As part of the 2009 20-year Development Agreement with the Town of Chapel Hill, the University agreed to permanently protect 258 acres of the tract in conservation easements, place 53 acres of the tract into the 100-Year Limited Development Area under conservation until 2109, and place 408 acres of the tract into the 50-Year Limited Development Areas under conservation until 2059.
The predominant land cover type in the conservation easement and Protected Areas is forest, composed of a mix of pine and hardwood species. Bolin Creek flows through the western portion of Carolina North. There are wetlands, mostly forested, scattered throughout in low-lying areas and tributaries such as Crow Branch. These important natural resource areas provide a wide range of high value ecological functions. The Development Agreement, the Carolina North Land Stewardship Policy, the Carolina North Master Plan, the Carolina North Stormwater Master Plan, and the Army Corps Individual Permit are documents that provide specific guidance on the management of the natural resources at Carolina North, and ensure that careful consideration toward protection and conservation is given to all development activities at Carolina North in the future.
Primary vehicular access to the Carolina North Forest is from Martin Luther King Jr. Boulevard, with secondary access into the former Horace Williams Airport area from Estes Drive Extension. There is a limited interior road network to serve the existing buildings used for various University purposes, and a vast hiking and biking trail system throughout the almost 1000 acre tract. A greenway segment was completed in 2014 to connect Homestead Road with the gravel Pumpkin Loop trail. Eventually this greenway will connect to Town of Chapel Hill trails on the north and south ends of Carolina North.Several transit routes provide service to and from the campus including the NU, which connects the RR parking lot to Main Campus.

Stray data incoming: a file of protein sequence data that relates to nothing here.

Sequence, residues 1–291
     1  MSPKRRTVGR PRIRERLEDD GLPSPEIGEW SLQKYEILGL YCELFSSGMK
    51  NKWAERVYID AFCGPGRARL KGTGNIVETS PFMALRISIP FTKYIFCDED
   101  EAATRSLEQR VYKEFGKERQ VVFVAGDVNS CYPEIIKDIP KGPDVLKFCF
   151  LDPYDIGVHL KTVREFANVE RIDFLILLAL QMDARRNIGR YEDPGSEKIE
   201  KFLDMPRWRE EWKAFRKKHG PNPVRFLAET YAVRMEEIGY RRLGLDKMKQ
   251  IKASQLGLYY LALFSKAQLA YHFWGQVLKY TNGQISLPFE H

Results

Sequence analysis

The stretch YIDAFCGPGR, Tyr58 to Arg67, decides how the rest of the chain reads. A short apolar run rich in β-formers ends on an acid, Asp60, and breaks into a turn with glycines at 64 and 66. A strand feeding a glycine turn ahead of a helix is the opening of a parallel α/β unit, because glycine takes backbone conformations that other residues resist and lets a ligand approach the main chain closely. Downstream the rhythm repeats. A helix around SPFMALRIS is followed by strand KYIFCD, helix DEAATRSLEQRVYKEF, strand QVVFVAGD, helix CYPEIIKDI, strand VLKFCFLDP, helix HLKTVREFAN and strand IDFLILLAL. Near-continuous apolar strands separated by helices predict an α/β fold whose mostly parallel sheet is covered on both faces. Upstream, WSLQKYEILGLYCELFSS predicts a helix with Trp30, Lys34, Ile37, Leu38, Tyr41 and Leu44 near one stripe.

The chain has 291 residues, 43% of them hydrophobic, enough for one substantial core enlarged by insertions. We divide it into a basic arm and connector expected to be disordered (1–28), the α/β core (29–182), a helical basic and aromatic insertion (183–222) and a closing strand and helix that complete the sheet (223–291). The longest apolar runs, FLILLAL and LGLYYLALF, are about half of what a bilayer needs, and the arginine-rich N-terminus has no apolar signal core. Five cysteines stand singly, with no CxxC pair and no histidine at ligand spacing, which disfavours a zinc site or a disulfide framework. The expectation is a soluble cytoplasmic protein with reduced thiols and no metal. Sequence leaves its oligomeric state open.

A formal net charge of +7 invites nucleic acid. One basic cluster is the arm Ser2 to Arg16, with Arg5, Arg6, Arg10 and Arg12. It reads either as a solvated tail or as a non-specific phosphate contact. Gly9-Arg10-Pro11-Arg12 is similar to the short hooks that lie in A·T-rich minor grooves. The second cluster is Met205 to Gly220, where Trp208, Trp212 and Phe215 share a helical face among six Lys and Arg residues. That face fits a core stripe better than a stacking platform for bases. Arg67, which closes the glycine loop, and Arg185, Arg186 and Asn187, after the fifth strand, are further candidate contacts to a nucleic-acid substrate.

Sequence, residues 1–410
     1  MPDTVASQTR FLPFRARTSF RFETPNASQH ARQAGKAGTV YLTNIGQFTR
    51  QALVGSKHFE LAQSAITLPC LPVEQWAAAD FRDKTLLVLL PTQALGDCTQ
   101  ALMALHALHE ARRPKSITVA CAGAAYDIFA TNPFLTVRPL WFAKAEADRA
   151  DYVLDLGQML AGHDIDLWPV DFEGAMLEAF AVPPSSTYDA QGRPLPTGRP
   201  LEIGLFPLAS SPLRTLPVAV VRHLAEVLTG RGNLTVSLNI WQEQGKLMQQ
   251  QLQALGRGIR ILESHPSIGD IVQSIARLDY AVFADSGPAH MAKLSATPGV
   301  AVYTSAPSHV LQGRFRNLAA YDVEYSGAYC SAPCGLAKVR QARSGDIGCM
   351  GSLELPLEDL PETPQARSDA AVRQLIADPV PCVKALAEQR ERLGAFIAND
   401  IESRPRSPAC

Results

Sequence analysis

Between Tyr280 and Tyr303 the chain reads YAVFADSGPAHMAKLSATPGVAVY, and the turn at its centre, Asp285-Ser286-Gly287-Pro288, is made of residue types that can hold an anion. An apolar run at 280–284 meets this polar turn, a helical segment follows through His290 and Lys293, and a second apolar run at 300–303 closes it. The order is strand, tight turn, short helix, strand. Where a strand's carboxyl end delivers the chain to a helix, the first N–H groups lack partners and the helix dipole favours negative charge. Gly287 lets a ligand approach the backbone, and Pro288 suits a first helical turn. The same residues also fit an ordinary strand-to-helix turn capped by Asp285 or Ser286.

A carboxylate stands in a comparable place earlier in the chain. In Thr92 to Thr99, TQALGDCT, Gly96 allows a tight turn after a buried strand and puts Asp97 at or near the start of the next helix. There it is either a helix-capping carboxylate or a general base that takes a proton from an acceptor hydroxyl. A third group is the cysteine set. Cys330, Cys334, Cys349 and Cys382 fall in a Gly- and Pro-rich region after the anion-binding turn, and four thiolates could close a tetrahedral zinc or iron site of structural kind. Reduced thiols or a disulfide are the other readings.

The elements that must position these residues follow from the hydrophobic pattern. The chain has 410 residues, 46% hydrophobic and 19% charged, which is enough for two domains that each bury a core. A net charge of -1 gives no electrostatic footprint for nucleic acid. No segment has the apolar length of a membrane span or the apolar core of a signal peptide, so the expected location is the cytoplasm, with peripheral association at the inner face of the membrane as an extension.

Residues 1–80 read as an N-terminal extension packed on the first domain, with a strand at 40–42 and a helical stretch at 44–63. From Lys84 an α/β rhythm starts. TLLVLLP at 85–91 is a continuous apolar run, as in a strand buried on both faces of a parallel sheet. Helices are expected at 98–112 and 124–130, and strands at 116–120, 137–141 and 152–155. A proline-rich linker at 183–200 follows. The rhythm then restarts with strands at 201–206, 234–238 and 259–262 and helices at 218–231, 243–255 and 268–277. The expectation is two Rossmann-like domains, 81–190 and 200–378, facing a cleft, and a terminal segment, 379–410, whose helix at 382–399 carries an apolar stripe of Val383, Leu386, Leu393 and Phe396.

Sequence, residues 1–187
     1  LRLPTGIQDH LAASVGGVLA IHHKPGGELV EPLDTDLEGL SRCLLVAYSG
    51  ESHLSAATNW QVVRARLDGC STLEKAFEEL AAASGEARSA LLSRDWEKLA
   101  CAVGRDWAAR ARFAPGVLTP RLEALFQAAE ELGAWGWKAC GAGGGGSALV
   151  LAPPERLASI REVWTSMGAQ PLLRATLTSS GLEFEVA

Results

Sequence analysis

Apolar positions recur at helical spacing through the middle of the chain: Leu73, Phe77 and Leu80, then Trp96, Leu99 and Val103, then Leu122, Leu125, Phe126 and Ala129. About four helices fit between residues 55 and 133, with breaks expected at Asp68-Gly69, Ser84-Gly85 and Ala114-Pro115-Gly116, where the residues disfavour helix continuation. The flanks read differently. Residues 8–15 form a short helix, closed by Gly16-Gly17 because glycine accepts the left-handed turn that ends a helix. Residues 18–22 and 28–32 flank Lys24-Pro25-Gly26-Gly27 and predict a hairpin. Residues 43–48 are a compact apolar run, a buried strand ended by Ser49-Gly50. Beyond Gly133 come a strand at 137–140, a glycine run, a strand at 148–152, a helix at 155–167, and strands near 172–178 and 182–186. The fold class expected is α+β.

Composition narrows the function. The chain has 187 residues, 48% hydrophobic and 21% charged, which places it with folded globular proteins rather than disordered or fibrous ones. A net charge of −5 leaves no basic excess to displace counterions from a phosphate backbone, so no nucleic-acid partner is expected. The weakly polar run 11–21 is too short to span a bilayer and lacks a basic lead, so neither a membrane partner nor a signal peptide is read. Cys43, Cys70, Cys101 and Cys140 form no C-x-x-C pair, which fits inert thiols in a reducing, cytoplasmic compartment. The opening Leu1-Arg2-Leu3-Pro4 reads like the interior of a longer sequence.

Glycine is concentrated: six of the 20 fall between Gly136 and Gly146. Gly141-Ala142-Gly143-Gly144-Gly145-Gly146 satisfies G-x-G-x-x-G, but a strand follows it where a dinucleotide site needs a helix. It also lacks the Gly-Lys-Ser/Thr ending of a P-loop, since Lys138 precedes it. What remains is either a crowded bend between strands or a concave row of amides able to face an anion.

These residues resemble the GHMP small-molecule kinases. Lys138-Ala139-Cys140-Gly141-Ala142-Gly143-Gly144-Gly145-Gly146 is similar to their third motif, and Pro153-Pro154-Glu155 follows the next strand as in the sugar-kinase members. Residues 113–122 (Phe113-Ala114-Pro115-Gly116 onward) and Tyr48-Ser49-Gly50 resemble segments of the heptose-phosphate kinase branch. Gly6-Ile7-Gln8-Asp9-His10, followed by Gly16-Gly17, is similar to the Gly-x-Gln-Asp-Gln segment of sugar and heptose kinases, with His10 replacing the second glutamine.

The Mason Farm Tract reflects a wide range of ecological value; from highly developed and built-upon areas such as the Friday Center to cultivated turf-dominated areas such as the athletic fields and golf course, to regionally important and valuable areas of biological diversity conservation areas of the North Carolina Botanical Garden, the Mason Farm Biological Reserve, and the Parker Preserve. About 546 acres have been dedicated for preservation or use by the North Carolina Botanical Garden, including 367 acres at the Mason Farm Biological Reserve. Another 258 acres are used for athletics and recreational activities, including the Finley Golf Course.
Morgan Creek, a prominent water resource for the Chapel Hill area, flows through this property, and its 100-year floodplain is an important feature of the Mason Farm Biological Reserve property from an ecological and development perspective. There are also many smaller tributaries to Morgan Creek that flow through the property, which provide additional aquatic habitat. Wetlands occur on the site, generally in low-lying areas near stream channels. The North Carolina Botanical Garden, Mason Farm Biological Reserve, and the Parker Preserve support hundreds of acres of diverse and mature forest. This area has been identified by the North Carolina Natural Heritage Program as a regionally important natural area, supporting increasingly rare and valuable flora, fauna, and wildlife habitat and the ecosystem services they provide. As such, these areas present important and irreplaceable research opportunities for University faculty, staff, and students.
The Mason Farm Tract has several connections to the existing transportation network. The primary connection points are at NC 54, though a secondary access connects to Fordham Boulevard. These access points experience very high vehicle volume today and several are at near-failing levels of service. Internal connections are limited by the golf course, floodplains, and other natural resources. Most roads are narrow and lack pedestrian and bicycle accommodations, but vehicle speeds and volumes are low. A network of trails at the Botanical Garden and trail loops south of Finley Golf Course offer internal access to the area.
The HU and FCX bus routes provide direct transit connections from the Mason Farm Tract to Main Campus. These are supplemented by the S and V routes. Connection to Main Campus on foot or by bicycle is possible, though traffic can make the connection uncomfortable in sections where the route travels adjacent to Fordham Boulevard.